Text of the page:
Slaying the Monster
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(This story contains some domestic violence. This is the first story I ever published on the web. So yes, it’s older as well. It’s not as gory as some of my newer stories, but many people close to me, still consider this my best work to date. Personally, I lean more towards “The Feast of Flesh,” of “The Darkest Smile.” But, that’s the thing with opinions, everyone has one.)
When I was eleven, I use to draw quite well, at least that is what I was told. I would doodle large muscle-bound men fighting horrible monsters. Their swords would be as tiny as splinters compared to their foe. However, my bone-masked hero, Cabal, would always find their soft spots. He’d strike their eyes, throats or any other place I could find on my own body that could be poked with a pencil to create pain.
But most importantly, he always won. He always found a way to slay the monsters.
If I remember correctly, that night he was caught in the grasp of a mighty ogre with
two human arms, and six snake like appendages that sprouted from his sides. It was these serpentine growths that held Cabal as he drove his sword into the spot under the ogre’s chin and his tiny sword pierced the monster’s tongue. That was when the noise of my dad’s car door slamming chased me from my fantasy. It was unusually loud and mean sounding. At least, that is the way I remember it. Or did it always sound that way, even when he was sober? Perhaps, the knowledge of what came after it has permanently colored the memory in darker hues.
My mom, a young brunette woman, told me to go upstairs. As if the sound of my father’s slurred screaming could not be heard up there. In fact, it could be heard down the street as many of my classmates often reminded me, more for their peer’s benefit then my own. “Boy, your dad curses a lot.” Or “Damn, bitch, cunt. That’s all I heard last night.”
As much as I wanted to stay downstairs, I never did. I always obeyed my mom. As I climbed the steps, and looked at her sad, frightened face, I said, “I love you, Mom. Goodnight.” I don’t know if she responded. Her reply may have been drowned out by my dad, who burst through the front door cursing and barking orders about the “slop” he was expecting for dinner.
I closed my bedroom door that is directly to the right at the top of the stairs. My room was maybe six feet squared. It barely contained my bed, drawing desk and white, two-drawer dresser. I was sharpening the pencils, which I keep in a red can on my desk, into tiny spear points when I heard three successive sounds: a slap, a thud and a curse. They were followed by silence.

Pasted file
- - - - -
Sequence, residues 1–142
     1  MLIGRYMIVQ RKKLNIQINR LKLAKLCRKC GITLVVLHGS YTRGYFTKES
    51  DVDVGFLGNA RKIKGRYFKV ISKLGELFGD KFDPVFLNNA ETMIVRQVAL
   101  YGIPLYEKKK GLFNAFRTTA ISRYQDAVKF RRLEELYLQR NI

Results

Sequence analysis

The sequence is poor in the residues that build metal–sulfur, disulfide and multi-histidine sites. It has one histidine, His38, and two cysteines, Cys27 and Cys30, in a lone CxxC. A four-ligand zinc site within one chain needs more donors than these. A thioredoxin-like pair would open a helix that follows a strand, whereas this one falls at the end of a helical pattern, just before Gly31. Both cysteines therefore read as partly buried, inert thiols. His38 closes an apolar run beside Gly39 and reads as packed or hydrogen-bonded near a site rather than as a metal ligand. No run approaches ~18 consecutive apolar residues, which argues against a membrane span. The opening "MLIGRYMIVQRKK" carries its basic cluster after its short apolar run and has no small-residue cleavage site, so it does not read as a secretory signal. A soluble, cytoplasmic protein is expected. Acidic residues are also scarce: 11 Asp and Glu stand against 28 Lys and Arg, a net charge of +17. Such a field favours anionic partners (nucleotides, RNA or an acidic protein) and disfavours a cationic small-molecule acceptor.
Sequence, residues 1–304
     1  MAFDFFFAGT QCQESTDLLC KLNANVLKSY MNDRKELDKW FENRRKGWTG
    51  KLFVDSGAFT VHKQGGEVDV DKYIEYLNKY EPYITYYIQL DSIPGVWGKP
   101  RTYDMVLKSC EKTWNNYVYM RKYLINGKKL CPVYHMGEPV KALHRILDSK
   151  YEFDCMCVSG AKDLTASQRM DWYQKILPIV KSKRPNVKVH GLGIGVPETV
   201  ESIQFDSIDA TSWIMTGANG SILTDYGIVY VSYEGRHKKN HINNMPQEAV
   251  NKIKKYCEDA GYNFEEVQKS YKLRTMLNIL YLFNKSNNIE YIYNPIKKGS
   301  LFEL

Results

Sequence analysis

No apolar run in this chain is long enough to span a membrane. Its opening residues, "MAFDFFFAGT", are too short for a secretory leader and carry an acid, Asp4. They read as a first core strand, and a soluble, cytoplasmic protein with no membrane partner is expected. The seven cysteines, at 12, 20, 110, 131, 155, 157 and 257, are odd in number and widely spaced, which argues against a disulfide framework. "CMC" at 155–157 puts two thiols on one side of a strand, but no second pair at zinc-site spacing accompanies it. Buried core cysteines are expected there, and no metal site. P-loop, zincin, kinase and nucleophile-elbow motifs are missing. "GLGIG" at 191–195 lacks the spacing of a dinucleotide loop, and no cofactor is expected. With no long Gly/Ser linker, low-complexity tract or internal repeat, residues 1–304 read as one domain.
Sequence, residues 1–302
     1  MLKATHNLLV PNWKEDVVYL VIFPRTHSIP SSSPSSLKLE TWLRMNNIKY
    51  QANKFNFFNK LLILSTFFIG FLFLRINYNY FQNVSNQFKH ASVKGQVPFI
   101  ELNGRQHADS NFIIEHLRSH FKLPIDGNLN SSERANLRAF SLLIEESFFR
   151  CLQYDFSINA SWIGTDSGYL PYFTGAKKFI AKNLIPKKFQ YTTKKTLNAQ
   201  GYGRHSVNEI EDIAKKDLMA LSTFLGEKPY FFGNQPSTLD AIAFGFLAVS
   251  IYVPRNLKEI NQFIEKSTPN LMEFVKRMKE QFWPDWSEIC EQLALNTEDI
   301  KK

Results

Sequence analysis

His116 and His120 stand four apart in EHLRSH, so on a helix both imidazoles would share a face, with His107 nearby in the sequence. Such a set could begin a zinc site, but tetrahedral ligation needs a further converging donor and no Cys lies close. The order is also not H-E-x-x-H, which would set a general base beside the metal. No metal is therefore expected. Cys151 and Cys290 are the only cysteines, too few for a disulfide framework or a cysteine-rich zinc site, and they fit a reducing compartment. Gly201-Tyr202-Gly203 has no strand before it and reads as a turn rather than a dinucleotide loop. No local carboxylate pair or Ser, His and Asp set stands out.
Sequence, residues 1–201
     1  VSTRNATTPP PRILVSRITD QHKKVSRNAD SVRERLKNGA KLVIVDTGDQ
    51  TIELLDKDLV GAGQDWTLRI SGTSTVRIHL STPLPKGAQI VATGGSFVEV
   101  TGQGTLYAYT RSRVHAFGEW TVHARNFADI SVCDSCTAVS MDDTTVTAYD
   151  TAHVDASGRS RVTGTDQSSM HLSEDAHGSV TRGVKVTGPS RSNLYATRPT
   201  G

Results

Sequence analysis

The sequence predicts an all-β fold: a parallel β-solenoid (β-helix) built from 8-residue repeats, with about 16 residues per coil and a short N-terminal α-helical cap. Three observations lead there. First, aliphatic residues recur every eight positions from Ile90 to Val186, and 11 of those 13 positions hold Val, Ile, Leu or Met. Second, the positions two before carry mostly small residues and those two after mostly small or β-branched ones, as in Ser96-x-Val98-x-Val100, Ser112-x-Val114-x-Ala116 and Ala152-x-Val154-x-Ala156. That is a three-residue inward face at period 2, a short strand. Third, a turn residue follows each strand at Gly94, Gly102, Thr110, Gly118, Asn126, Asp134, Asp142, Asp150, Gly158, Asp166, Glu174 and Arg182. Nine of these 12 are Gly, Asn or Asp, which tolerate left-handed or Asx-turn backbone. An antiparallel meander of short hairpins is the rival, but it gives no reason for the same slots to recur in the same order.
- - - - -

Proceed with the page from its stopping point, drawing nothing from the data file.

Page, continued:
I thought maybe my mom was weeping and the sound didn’t reach my room, and when I opened my bedroom door, crying was all I heard. It was slightly mixed with my dad’s cursing, and I began a slow decent down the stairs. I turned to the right and entered the kitchen looking for my mother, and was shocked by what I saw.
The kitchen was not very big. It contained a table with three chairs, a small yellow
refrigerator, a stove and three, brown cabinets on either side of the sink. My dad was standing, between the table and the sink, his face streaked with tears. My mom was lying on the yellow, linoleum floor, on the far side of the kitchen, at the base of the stove. Her neck was twisted in an unnatural way. As I looked upon this scene, my legs started twitching, and my dad began to charge in my direction. His blood shot eyes were filled with rage and his mouth was twisted into a crooked-toothed frown. Without thinking, I grabbed the kitchen chair and dropped it in
my father’s path as I ran for the front door.
I heard my father fall as I fumbled with the door’s locks. I turned, and to my surprise, he was up and coming for me again. I was leaping up the stairs, with my pulse pounding in my ears, when I felt his hand grab my ankle. Quickly, I rolled over and instinctively pulled the sharpened pencil from my breast pocket. His fist was raised, but before he could strike, I lashed out with my pencil. I stabbed him in the left cheek and he rose up screaming. Seizing the opportunity, I headed for my bedroom. I slammed the door behind me, and it immediately burst open. However, I had already reached my bed and the aluminum bat that I’ve learned to keep beside it.
I grabbed it and threw it at his legs. Either he was coming too fast, or he was too drunk to avoid it. The bat struck him just below the knees, and the room filled with a metallic “ping” sound as he toppled over. He fell half onto my bed, and he lied still in a very vulnerable position. I grabbed a handful of pencils from the tin cup on my desk, and I slammed them into the soft spot on the back of his neck. Immediately, he began to twitch, and as his blood poured from the wound, he let out a last, slurred curse and then he was still.
Shaken, and most definitely in shock, I walked down the stairs to the kitchen. I picked up the phone and stretched the cord to allow me to sit beside my mom. “It’s over mom,” I reassured her as I began dialing 911. That was where the police found me, sitting beside her in the kitchen and holding her hand.
Not surprisingly, I haven’t drawn since.
If you have no questions or fears about your abilities, then you will learn nothing from your mistakes and know nothing about your limitations.